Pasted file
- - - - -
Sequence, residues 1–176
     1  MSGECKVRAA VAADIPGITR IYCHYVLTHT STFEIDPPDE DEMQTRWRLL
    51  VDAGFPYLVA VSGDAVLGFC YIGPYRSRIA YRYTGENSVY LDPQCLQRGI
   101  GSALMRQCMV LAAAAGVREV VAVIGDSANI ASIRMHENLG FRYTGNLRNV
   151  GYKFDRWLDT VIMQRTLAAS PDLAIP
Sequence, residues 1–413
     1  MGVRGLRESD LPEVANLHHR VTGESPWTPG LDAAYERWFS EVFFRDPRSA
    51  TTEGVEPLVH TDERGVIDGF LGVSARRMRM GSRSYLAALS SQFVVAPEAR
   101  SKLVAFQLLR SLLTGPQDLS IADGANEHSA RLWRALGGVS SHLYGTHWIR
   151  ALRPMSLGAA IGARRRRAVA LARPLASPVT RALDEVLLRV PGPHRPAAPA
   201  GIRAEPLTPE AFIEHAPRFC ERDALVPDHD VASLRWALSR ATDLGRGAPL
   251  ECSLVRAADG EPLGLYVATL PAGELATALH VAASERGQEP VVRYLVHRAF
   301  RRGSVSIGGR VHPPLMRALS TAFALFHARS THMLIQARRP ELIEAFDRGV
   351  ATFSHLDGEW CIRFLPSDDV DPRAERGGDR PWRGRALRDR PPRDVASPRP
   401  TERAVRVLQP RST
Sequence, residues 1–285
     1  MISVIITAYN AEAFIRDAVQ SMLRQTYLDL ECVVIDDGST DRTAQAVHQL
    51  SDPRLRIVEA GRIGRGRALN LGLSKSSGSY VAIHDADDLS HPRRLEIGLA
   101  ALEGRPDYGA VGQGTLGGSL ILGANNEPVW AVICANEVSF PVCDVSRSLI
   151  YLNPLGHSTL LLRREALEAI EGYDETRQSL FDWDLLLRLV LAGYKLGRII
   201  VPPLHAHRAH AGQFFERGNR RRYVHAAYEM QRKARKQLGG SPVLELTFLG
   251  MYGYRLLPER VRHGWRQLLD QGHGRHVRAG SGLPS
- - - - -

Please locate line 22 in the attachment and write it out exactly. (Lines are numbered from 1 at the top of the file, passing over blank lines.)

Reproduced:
   251  MYGYRLLPER VRHGWRQLLD QGHGRHVRAG SGLPS